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By Cindy Wiggins Tapia

During our courtship, Nabo rented a pitiful little pink thing on Lawson St. behind West Buford Baptist church. The front yard was a napkin. The back sprawled to a chain-link fence hidden inside an overgrown hedge. He loved that house and told it so in my presence long before he ever proclaimed his love for me.

I got pregnant and moved in. I’d get up and drink my coffee while gazing at the misty morning through the back windows. One morning, I saw a black bear on the other side of that hedge.

When I told Nabo that afternoon, he goes,  “Tha’s one bull, you. Jajajaja!”

That spring we planted a garden along the hedge. Nabo dug ditches twelve hours every day on a Benton-Georgia construction site and tended the plants when he got home. The water hose was too short, and we were so in luuuuv our brains were AWOL, I reckon, because neither of us thought to buy one that would reach. So, he would fill a five-gallon paint bucket with water, lug it down, tote it back up, repeat, repeat in weather hot enough to liquefy asphalt, while I watched from the patio, drinking iced tea.

Come harvest time, I walked down with a basket and discovered a section of pole beans had turned yellow.

That afternoon, I looked out the bathroom window and there was that bull on my patio. I went digging it outside just as Nabo turned his bicycle into the driveway. Nabo’s bellowed. The Bull vamoosed. Hasta la vista, baby!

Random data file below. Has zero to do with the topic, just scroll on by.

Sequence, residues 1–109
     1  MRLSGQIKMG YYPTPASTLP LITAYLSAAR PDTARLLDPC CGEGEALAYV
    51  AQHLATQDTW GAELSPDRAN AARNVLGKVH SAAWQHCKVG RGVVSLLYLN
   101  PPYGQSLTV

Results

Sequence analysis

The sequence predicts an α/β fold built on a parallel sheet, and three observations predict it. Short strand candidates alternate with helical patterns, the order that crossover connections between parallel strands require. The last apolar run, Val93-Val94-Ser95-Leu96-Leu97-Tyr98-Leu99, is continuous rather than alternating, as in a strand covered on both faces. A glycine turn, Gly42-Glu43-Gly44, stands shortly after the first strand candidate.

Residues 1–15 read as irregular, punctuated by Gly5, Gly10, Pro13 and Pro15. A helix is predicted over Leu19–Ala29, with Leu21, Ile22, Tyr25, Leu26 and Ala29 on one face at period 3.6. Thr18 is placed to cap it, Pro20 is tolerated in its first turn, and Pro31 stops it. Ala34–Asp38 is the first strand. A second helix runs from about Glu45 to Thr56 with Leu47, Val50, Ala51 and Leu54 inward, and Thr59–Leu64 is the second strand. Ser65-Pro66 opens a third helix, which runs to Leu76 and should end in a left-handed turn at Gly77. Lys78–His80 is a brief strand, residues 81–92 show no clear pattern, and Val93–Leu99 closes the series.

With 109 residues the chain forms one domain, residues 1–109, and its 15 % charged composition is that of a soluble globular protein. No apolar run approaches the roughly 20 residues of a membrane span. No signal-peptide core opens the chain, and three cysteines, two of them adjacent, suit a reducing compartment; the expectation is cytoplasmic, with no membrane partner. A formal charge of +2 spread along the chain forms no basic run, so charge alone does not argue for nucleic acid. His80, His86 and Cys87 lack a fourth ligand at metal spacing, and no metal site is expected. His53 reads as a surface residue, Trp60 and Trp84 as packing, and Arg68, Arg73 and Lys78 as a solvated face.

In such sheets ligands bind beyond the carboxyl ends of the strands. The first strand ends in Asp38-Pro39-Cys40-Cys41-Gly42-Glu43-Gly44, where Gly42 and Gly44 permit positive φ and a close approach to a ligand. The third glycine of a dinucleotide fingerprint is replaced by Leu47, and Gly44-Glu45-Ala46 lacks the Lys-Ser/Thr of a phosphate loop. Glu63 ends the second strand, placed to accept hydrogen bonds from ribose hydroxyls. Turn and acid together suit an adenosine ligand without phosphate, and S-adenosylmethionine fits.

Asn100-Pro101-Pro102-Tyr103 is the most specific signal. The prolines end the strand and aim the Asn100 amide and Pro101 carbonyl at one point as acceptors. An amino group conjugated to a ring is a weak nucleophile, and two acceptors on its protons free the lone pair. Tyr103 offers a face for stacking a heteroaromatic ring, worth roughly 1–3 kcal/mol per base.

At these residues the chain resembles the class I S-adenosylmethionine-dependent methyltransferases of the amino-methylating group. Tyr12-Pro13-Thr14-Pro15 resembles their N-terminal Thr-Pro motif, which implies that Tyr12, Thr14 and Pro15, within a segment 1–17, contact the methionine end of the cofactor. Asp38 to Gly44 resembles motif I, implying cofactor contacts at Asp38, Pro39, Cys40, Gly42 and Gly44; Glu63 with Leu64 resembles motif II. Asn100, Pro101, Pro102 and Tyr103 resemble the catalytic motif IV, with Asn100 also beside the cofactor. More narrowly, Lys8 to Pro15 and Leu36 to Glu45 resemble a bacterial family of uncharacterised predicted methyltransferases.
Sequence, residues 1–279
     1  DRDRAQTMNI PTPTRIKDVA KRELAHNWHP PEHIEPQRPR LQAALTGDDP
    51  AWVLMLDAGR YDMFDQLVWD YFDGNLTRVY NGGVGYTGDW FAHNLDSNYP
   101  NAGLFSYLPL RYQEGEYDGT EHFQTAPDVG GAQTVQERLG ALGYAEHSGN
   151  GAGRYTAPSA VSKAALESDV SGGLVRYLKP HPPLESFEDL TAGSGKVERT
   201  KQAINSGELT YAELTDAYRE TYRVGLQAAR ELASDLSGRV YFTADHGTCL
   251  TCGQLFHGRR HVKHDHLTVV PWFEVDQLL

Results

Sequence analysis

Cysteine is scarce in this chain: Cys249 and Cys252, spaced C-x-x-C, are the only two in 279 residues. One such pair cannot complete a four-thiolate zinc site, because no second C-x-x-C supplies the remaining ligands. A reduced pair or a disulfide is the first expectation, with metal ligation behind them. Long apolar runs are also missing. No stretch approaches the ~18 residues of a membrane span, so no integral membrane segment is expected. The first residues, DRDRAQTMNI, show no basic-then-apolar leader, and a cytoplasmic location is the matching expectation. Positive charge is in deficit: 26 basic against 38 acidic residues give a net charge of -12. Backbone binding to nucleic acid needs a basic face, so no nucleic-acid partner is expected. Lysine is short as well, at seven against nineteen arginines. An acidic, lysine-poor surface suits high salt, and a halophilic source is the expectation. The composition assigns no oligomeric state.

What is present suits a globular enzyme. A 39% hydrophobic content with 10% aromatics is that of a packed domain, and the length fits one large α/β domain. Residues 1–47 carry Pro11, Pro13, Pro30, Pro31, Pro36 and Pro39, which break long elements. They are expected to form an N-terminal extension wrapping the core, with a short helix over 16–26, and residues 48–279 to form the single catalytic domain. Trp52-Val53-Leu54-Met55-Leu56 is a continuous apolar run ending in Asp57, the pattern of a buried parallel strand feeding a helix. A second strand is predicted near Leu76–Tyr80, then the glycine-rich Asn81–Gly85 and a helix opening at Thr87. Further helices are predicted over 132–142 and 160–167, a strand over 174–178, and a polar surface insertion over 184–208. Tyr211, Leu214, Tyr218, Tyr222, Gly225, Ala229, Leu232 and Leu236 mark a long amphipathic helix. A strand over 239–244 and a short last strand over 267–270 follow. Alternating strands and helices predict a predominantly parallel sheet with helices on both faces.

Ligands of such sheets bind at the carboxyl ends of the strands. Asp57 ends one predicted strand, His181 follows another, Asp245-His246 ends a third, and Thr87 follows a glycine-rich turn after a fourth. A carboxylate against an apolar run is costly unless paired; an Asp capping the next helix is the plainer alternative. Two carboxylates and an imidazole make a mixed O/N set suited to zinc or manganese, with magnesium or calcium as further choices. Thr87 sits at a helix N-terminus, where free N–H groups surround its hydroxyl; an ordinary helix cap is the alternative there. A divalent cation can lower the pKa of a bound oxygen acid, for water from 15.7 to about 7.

“Want me to call the law?”

“Noooo!” he spat in affronted machismo and took off after the bull. He caught it. Unfortunately, for his machismo, it nuzzled his shoulder and kissed him, while I cackled.

“Call la policía, you!” He shouted.

Using my Telecommunications Device for the Deaf, I called Animal Control.

“How may I help you?”

“There’s a bull in my backyard.”

Pause. “We don’t do bulls.” Click.

So, I called the law.

“Gwinnett County Police Department. How may I assist you?”

“There’s a bull in my backyard.”

Pause. “A cattle? In the city limits?”

“Yes, ma’am.”

“Have you called Animal Control?”

“Yes, ma’am, but they don’t do bulls.”

Around twilight, a patrol car pulled up. The officer climbed out. He looked around. No bull. He put his fingers on his gun anyway in case it popped out of nowhere.

It did.

It hopped onto the patio and licked that cop’s face. The cop forgot his gun and jumped two feet off the concrete. The bull took off for its life. The cop and Nabo sprinted after it. Somehow they got the bull herded back through the broken fence, which the bull’s keeper promised to repair soonest. Ha.

The cop left. We went inside to eat dinner. And that was that.

But it wasn’t.

The next day, we saw the bull eating kudzu behind the house next door. We looked at each other. We headed to the garden. Sure enough, it had eaten all of our summer squash, tomatoes, and bell peppers. The cucumbers and jalapeños were untouched, but in apparent distaste, it had hosed down the pole beans.

Sheesh. I didn’t like Nabo’s jalapeño peppers but I didn’t pee on them.

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